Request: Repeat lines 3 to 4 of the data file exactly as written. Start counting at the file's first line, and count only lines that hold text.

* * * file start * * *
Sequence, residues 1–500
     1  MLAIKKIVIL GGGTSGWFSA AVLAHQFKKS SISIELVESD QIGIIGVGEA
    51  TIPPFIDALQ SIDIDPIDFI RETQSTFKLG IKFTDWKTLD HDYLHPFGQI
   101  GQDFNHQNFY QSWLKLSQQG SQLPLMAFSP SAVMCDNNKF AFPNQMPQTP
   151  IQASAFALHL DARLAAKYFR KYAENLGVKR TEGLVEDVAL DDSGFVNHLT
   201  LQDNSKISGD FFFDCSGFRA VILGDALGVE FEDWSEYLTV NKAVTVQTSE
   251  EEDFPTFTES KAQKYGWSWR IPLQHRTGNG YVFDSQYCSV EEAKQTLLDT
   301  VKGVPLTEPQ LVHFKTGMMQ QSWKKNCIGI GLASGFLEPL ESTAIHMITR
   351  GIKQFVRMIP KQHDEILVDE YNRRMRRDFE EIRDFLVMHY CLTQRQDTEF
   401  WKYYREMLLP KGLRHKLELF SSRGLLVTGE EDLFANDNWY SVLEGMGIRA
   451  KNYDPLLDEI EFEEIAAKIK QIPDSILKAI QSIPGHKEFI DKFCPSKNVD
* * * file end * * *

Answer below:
    51  TIPPFIDALQ SIDIDPIDFI RETQSTFKLG IKFTDWKTLD HDYLHPFGQI
   101  GQDFNHQNFY QSWLKLSQQG SQLPLMAFSP SAVMCDNNKF AFPNQMPQTP